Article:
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Gothic poem about life and death by New York poet and essayist Leah Elimeliah.

I get all tangled up in your wires, mama
my dream had me on my knees
there are witnesses, they don’t howl
at night they don’t bark
their orders are written up
on a white board against black
hollowness inside your curved body.

uniformed backs
with glaring stares
whisper behind the ears

the vigilant doctor mutters
be cautions –
unplugging the system
that’s already out of order
can cause more damage.

He manipulates the tracking devices
hoses you down with sedatives
and you – host them
in all your crusted creviced cellulite.

Mama, I am not usually angry
but this time I am different with you.
I hurt because your body is
leaving and taking you in
a vessel that’s unfamiliar and ugly.

choices are scarce,
I lay eggs in the palm of your hand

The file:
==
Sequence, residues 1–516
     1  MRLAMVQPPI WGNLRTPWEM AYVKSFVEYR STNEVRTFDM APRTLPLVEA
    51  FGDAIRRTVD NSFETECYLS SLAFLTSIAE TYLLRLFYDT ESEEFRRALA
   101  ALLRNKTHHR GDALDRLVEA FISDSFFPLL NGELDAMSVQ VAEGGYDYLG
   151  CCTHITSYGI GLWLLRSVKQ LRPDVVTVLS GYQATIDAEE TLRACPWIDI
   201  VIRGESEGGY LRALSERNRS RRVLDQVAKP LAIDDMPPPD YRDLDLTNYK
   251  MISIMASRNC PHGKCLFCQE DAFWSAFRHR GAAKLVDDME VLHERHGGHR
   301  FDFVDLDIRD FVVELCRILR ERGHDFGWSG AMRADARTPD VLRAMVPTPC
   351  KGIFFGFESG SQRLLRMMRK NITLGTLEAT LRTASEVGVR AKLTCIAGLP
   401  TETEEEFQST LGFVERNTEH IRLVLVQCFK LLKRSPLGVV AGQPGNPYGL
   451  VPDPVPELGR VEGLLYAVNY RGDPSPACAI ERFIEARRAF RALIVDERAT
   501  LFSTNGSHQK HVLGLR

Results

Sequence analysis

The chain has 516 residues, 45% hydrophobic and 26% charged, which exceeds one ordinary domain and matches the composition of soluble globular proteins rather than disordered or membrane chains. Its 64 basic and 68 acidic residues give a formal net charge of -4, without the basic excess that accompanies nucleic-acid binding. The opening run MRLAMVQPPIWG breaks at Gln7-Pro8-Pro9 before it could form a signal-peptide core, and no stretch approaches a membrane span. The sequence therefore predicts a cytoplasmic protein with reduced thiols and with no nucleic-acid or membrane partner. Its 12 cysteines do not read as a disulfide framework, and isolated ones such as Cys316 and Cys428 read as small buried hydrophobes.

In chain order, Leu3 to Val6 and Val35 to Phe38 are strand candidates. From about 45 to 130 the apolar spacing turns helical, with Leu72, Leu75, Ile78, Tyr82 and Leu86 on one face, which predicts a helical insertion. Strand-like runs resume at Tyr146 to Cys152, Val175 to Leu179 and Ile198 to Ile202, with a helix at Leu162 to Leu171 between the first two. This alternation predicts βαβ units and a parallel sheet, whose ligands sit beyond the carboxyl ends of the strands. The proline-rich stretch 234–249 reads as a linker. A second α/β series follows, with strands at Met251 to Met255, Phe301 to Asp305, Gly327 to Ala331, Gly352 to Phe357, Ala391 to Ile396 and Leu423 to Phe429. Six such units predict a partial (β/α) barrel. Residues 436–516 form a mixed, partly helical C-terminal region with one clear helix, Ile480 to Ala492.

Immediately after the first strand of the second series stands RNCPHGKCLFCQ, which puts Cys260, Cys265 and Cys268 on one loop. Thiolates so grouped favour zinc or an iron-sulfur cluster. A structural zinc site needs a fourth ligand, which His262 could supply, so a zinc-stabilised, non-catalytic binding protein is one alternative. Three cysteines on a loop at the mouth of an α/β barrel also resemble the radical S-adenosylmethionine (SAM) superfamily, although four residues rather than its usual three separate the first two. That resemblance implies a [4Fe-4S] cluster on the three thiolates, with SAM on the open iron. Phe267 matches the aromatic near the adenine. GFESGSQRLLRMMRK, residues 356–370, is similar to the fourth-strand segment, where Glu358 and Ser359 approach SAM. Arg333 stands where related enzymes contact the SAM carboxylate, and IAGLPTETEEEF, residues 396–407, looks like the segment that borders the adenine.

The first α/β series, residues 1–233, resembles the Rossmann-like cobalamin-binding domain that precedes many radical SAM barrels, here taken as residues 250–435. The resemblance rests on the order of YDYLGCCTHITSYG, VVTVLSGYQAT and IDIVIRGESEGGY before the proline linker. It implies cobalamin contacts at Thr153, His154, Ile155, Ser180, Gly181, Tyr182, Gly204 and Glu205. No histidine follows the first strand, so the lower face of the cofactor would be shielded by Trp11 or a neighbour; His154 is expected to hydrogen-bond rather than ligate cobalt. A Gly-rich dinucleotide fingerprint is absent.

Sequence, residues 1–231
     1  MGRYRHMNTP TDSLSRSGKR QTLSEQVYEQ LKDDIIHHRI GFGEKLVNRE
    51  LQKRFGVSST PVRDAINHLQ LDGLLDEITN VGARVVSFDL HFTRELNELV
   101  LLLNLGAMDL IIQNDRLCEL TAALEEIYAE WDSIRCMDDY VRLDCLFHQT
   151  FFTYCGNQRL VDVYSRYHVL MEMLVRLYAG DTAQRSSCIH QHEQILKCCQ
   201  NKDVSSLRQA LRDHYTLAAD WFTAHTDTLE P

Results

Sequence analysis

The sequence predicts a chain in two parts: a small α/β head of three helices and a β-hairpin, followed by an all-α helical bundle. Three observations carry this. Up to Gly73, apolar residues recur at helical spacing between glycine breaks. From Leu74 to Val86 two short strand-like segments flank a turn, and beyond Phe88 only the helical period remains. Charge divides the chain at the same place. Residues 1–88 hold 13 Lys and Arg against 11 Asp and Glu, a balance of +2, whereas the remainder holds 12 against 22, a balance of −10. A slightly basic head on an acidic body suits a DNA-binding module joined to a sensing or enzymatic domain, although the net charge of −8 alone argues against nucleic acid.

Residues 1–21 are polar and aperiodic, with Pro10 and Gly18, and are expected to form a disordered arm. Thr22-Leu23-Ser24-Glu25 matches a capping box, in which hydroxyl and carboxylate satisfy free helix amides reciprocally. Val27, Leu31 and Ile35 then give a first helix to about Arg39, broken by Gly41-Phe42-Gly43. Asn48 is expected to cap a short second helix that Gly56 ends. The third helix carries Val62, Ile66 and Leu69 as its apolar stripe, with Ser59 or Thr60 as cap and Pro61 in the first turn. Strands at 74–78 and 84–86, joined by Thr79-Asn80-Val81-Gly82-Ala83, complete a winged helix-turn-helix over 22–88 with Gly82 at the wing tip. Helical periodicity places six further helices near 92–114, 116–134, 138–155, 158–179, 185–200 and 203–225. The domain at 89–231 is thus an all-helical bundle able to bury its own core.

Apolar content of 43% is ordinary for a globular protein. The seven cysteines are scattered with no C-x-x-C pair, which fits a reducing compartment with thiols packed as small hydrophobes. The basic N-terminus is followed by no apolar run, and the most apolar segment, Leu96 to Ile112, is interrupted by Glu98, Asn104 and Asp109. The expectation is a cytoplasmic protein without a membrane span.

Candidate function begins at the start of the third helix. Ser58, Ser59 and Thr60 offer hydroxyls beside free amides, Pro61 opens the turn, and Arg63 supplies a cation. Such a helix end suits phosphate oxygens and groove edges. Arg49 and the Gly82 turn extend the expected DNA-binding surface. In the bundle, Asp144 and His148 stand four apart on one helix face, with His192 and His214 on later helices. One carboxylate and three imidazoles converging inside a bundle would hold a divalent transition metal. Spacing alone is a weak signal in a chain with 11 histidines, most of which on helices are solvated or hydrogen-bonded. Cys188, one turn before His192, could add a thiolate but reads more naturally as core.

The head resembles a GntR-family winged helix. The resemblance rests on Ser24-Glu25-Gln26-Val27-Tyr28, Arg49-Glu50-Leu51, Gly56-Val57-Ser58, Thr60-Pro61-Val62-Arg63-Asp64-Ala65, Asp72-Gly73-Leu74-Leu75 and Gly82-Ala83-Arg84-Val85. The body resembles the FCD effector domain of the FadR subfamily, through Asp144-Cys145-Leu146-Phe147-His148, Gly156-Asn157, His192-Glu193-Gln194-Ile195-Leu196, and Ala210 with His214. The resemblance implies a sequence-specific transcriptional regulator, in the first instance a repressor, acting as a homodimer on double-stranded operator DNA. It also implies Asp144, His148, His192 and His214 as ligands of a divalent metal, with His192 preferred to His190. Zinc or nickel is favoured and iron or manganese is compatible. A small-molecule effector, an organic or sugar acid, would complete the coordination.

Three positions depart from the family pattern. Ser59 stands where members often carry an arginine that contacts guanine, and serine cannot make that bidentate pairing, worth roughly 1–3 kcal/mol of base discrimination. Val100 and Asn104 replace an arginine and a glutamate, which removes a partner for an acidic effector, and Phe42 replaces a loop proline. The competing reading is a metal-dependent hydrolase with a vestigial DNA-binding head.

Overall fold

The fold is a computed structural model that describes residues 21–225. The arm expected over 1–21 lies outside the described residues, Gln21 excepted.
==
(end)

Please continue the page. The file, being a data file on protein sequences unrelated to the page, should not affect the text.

where once I obeyed you
but memory seasons change
now we both refuse to obey.

The eggs hatch missing you
in a whirlwind trying to catch
our hurricane history
that doesn’t include them
tell me, how I should lead the blind.

I look deep in the black mirror
your fingered palm, your frail
fragile fist still
holding me together. I am afraid
to miscarry your messages
to memorize – mother’s creatures
like maggots will not listen too long
and will molt and molt and molt
and then dismiss.

Inside my muddled walls
I had you fixated – on
the side that matters most
the one I lean on – unburdened from the what if’s and why’s
On to the world that once promised us the world. 

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